With about two weeks until Christmas, Dallas County has reached a new record in daily cases and Tarrant County is reporting its highest number of hospitalized patients.
Dallas County health officials reported 2,438 new cases Wednesday of which 1,942 are confirmed and 496 are probable.
The previous record was set on Nov. 21 when 2,183 cases were reported by county officials.
County health officials said in the past month, more than 4,000 school-aged children and staff have tested positive for coronavirus. Officials said 534 of those cases have been associated with extracurricular activities.
Health officials have also seen 26 outbreaks at group homes and homeless shelters. One facility has reported 89 cases since October.
The new daily case record for the county comes just two days after the Pfizer's COVID-19 vaccine was administered to frontline workers at Methodist Dallas Medical Center.
County health officials also reported 12 new deaths Wednesday. Among the latest victims was a Dallas man in his 50s who had underlying health conditions was found dead at home, officials said.
The other victims range from a Garland man in his 40s to a Dallas man in his 70s. This brings the confirmed death toll to 1,403 since tracking began in March.
Tarrant County reports nearly 1,000 hospitalizations
For the first time since the start of the pandemic, Tarrant County is reporting nearly 1,000 patients in area hospitals due to COVID-19.
Wednesday afternoon officials announced that there are currently 996 patients compared to 919 reported the day before.
The previous high in hospitalizations was confirmed Sunday when 958 patients were reported, according to the county dashboard.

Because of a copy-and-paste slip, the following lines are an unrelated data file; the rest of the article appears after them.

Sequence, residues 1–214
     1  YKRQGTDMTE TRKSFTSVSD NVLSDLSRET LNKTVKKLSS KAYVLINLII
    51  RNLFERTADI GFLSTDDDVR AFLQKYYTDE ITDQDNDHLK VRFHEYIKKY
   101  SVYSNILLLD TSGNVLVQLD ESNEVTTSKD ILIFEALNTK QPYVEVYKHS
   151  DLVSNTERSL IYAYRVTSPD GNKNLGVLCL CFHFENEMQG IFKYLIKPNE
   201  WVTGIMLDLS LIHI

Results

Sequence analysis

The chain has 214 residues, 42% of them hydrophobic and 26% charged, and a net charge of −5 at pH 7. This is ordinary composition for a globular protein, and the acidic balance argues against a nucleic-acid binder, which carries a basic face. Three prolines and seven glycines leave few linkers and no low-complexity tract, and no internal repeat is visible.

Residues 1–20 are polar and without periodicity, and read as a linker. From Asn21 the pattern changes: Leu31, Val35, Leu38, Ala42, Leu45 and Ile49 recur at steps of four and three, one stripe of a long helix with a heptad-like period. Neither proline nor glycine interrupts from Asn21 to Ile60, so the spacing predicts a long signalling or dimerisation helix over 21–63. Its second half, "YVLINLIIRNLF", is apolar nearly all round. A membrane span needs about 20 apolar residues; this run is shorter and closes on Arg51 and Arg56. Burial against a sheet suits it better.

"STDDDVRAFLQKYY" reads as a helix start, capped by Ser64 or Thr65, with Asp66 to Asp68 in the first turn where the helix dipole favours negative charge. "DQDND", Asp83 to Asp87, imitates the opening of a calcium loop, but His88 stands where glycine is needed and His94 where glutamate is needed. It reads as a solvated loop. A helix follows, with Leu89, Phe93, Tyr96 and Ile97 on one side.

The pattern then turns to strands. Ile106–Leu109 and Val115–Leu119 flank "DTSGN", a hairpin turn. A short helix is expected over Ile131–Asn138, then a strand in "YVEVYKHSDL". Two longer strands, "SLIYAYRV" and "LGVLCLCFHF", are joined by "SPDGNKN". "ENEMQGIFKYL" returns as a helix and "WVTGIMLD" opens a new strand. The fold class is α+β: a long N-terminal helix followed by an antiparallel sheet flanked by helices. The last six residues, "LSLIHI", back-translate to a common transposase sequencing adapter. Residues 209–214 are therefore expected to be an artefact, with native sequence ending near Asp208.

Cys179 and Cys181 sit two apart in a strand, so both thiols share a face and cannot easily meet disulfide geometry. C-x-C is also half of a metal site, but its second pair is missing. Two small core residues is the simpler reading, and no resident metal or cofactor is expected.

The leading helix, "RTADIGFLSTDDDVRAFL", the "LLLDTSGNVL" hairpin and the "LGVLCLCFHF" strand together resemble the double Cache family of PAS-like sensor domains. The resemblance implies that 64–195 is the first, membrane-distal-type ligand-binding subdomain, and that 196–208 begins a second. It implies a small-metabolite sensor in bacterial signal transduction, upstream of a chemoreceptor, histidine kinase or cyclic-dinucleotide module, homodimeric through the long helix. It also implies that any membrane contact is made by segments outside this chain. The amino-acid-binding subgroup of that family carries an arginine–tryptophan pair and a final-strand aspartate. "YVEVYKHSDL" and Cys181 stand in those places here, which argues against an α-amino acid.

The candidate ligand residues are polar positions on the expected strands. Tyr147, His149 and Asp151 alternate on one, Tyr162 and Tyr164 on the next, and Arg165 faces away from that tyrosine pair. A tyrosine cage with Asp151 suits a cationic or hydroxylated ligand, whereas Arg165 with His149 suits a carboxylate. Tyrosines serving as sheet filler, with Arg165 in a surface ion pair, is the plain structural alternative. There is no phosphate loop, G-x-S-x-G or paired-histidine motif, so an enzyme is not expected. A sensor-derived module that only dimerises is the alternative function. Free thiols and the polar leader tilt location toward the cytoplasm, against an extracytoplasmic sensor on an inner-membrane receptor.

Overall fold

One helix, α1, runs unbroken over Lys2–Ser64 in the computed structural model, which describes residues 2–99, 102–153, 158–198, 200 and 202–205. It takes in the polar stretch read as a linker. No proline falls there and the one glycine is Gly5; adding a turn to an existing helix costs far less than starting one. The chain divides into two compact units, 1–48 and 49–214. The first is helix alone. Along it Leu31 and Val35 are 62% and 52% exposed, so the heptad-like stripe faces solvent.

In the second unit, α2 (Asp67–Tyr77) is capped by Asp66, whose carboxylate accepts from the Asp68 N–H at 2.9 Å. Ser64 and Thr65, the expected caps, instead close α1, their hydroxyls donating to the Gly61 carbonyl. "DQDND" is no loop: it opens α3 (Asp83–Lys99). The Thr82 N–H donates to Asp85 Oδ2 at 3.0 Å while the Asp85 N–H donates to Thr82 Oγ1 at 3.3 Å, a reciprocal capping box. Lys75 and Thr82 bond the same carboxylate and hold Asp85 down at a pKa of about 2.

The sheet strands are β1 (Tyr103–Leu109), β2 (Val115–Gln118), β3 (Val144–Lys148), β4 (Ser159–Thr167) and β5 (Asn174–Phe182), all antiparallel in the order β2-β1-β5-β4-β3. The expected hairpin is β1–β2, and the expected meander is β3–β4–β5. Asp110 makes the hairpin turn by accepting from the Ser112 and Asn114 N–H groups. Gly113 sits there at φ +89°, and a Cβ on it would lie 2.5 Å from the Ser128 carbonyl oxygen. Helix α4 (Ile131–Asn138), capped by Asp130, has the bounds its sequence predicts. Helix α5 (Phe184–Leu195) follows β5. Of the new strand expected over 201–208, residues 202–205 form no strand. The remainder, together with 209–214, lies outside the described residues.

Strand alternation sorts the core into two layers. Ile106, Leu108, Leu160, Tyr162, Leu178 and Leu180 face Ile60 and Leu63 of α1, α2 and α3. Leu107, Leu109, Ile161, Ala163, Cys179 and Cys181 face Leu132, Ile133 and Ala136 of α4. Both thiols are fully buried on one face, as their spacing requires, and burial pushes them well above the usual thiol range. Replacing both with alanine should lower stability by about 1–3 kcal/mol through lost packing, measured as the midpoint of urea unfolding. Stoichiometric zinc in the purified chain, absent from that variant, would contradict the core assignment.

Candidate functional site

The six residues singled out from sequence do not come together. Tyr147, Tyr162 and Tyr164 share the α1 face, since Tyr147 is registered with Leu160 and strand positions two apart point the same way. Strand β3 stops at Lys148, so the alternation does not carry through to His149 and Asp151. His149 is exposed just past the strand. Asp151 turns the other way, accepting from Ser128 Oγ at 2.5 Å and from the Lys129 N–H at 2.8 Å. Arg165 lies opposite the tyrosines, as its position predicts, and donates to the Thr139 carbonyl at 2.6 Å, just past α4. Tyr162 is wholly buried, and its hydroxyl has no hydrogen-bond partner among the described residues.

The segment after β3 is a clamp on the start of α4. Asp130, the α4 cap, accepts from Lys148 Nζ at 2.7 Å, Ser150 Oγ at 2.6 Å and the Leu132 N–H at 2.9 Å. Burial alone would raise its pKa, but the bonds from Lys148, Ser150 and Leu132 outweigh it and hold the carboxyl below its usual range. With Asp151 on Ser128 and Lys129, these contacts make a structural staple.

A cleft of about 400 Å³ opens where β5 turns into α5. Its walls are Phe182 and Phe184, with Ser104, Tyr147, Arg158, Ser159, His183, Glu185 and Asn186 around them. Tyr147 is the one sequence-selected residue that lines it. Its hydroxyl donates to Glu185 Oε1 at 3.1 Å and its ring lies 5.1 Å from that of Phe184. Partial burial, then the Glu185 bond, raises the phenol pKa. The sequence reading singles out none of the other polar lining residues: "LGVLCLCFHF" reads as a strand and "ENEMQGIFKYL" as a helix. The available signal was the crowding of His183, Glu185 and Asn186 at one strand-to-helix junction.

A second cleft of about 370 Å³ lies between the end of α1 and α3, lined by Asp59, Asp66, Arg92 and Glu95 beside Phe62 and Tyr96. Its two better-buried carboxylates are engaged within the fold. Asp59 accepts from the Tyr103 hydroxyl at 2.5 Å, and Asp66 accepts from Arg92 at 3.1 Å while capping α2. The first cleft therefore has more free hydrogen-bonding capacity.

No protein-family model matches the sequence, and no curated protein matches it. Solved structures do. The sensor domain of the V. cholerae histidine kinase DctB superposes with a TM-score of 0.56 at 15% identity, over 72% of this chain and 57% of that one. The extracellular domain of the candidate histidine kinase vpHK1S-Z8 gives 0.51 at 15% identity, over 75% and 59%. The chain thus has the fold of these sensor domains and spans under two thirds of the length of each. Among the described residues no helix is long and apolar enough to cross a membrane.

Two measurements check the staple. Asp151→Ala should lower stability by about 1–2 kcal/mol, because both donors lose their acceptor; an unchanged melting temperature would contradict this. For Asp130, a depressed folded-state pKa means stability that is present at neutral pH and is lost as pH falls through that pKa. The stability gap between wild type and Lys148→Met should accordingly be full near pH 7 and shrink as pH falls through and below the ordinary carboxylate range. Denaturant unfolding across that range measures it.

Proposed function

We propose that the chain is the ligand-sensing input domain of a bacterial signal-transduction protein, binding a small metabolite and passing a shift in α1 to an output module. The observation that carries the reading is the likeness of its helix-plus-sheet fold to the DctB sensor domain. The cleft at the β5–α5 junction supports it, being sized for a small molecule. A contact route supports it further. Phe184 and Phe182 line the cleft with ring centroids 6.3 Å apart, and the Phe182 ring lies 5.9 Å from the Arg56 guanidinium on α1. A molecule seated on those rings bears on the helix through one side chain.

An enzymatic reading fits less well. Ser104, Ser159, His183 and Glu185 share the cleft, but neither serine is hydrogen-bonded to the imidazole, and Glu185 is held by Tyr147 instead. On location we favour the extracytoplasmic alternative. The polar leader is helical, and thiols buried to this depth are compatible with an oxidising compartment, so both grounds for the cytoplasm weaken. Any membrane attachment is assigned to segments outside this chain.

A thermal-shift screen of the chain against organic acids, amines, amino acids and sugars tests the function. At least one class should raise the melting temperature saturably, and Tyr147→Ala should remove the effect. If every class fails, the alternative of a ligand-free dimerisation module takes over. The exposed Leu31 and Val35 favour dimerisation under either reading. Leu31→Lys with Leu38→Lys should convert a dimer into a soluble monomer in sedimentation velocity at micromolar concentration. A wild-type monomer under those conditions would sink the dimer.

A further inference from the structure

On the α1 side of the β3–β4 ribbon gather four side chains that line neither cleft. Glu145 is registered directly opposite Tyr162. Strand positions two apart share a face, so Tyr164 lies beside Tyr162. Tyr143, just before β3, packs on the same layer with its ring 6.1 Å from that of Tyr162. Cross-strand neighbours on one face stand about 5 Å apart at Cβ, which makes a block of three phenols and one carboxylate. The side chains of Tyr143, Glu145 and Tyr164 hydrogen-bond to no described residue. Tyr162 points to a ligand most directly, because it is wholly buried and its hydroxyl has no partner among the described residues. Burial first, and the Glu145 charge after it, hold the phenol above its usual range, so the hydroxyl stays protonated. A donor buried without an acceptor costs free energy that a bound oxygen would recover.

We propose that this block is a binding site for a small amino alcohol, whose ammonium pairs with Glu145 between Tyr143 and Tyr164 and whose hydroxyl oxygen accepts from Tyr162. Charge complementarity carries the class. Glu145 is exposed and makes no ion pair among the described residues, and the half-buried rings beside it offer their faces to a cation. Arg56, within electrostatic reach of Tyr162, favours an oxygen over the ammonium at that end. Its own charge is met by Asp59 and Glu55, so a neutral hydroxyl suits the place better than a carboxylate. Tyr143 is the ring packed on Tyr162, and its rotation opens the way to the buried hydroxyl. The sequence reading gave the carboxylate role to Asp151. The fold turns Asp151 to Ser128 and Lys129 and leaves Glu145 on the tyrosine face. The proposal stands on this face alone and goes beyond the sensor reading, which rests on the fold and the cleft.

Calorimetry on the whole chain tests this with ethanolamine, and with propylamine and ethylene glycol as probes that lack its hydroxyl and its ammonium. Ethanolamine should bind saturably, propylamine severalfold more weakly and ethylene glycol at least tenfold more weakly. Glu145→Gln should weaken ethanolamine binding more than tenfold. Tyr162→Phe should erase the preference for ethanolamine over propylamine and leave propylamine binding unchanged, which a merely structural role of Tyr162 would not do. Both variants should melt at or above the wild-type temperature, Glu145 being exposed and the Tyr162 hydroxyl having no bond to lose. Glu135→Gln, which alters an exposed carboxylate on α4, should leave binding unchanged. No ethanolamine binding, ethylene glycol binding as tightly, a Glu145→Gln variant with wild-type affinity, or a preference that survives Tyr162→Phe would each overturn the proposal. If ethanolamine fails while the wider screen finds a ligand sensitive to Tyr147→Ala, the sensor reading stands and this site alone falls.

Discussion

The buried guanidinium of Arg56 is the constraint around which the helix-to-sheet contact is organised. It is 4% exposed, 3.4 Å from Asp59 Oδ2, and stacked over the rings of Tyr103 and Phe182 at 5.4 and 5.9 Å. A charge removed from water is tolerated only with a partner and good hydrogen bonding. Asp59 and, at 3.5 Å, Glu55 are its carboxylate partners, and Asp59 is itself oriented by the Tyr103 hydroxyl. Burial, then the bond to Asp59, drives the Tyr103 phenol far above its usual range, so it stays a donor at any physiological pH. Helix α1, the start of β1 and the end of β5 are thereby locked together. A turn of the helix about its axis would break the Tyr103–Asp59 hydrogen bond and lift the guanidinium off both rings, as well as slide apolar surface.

One month ago, there were 778 people in Tarrant County hospitals because of the coronavirus.
In addition to the record high hospitalizations, 13 more people in the county have died. The victims' ages range from being in their 50s to 90s. Officials said all of the patients had underlying health conditions.
Sanger ISD will discontinue remote learning in January
Sanger Independent School District has informed parents that it will suspend remote learning in the new year. Beginning Jan. 11 all students will return to campus unless they meet certain exceptions.
Those include students who are medically at-risk or living with at-risk relatives. A doctor's note is required by Jan. 8.
Students who test positive for COVID-19 or come into close contact with someone infected must quarantine for 10 days, according to district officials.
District officials said they made the decision to suspend remote learning based on attendance and grades from their first two grading periods.
"Despite all our efforts, we have learned the online learning has not been as successful as we have hoped for our remote learners," the district said.
To read the letter sent to parents, click here.
UT Southwestern Medical Center administers more than 700 vaccines
In an update Wednesday morning, UT Southwestern Medical Center in Dallas said more than 750 employees received Pfizer's COVID-19 vaccine within the first 10 hours of getting the shipment.
Twenty-three medical facilities received the vaccine Monday and Tuesday.
Pfizer is shipping its vaccine directly to the providers via FedEx and UPS, state officials said.
The vaccine plan from DSHS prioritizes hospital staff who work with patients, home health care workers, and staff and residents at long-term care facilities as the focus for early vaccination.
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